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Banks want tax sops for 3-year FDs | India News

NEW DELHI: Ahead of the Budget, the Indian Banks’ Association (IBA) has made a fresh pitch for reducing the lock-in period for fixed deposits (FDs) to be eligible for tax breaks from the current five years to three so that they are able to compete more favourably with other products.
“As compared to other financial products (such as ELSS) available in the market, the tax-saver fixed deposit (FD) has become less attractive and if the lock-in period is reduced this would make the product more attractive and provide more funds to the banks,” the IBA has said in a proposal submitted to the finance ministry.
While banks have slashed deposit rates to pass on the benefits of a lower rate regime to borrowers, small savings products such as public provident fund (PPF) have not seen a reduction in rates for several quarters, making them more attractive from a returns point of view. As it is, the stock market boom of the last few years has prompted several investors to shun bank deposits and move to mutual funds or direct investment in shares. As a result, apart from some senior citizens in the higher income brackets, most other depositors are shunning five-year FDs. In fact, bank FDs over five years were made eligible for tax breaks under section 80C much later as part of the annual benefit of Rs 1.5 lakh available for specified investments. Even with the benefit, it is less attractive than, say, PPF as the interest earned on these FDs is taxable.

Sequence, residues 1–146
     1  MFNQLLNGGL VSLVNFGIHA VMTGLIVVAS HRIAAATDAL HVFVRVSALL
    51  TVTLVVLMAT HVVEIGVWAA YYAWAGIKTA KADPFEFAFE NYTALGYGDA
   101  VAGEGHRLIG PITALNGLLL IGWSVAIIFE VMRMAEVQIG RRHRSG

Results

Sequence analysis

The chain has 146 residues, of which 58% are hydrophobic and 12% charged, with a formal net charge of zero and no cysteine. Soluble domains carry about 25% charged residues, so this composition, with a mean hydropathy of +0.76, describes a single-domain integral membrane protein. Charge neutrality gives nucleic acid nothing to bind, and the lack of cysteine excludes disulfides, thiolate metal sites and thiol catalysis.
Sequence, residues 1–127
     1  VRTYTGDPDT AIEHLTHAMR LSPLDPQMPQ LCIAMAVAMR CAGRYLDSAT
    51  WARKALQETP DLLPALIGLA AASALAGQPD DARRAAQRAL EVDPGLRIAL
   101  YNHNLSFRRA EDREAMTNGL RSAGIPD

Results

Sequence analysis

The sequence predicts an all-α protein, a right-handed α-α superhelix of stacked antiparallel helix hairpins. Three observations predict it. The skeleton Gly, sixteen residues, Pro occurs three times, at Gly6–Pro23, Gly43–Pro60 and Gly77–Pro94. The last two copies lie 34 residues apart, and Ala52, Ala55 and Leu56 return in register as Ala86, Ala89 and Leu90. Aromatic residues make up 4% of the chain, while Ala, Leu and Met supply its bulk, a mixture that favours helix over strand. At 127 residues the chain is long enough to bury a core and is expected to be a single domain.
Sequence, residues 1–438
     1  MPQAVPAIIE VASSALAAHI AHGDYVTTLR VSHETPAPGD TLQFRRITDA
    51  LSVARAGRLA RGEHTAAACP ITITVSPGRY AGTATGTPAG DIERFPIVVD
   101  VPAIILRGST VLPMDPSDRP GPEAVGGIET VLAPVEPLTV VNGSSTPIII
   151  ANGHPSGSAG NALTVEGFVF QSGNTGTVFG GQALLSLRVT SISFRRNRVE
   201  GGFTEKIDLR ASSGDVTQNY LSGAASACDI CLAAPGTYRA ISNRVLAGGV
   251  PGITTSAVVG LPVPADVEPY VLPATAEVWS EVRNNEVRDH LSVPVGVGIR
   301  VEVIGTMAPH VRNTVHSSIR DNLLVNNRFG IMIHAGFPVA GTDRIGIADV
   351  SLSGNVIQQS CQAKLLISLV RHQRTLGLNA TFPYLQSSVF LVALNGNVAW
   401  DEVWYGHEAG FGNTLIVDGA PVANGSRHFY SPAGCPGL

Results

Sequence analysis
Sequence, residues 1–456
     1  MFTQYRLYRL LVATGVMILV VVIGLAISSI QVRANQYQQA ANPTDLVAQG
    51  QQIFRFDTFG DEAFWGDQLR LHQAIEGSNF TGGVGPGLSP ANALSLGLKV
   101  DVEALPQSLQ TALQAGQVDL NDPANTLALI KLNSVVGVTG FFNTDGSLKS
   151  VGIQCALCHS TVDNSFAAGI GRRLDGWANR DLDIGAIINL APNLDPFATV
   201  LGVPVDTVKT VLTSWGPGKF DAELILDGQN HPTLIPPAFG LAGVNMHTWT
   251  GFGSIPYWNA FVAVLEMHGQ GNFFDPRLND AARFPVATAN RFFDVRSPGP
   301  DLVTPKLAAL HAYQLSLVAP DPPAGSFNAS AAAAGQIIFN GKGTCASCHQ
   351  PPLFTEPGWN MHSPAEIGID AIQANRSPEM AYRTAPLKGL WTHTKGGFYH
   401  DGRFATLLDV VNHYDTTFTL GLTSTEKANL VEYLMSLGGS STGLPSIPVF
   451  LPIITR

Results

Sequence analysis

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IBA has also sought special rebate or additional depreciation for spending on financial inclusion and digital banking. “By making expenditure on IT, banks give benefits to the masses, that is, ease of doing business, digital banking, etc. Therefore, some special incentives in the form of special tax rebate/ deduction or additional depreciation (say, 125%) over and above actual capital expenditure made on such activities may be provided,” it has proposed.
Besides, IBA has taken up cudgels on behalf of foreign banks and pitched for a tax parity between their branches in India and domestic banks. Indian banks have opted for a lower rate option of 22% (plus surcharge and cess), which is not available to branches of foreign banks in India, which are taxed at 40% (plus surcharge and cess). Most foreign banks have opted not to incorporate local subsidiaries and have chosen to operate via the branch route, despite repeated prodding by the government and the RBI.

Read More: Banks want tax sops for 3-year FDs | India News

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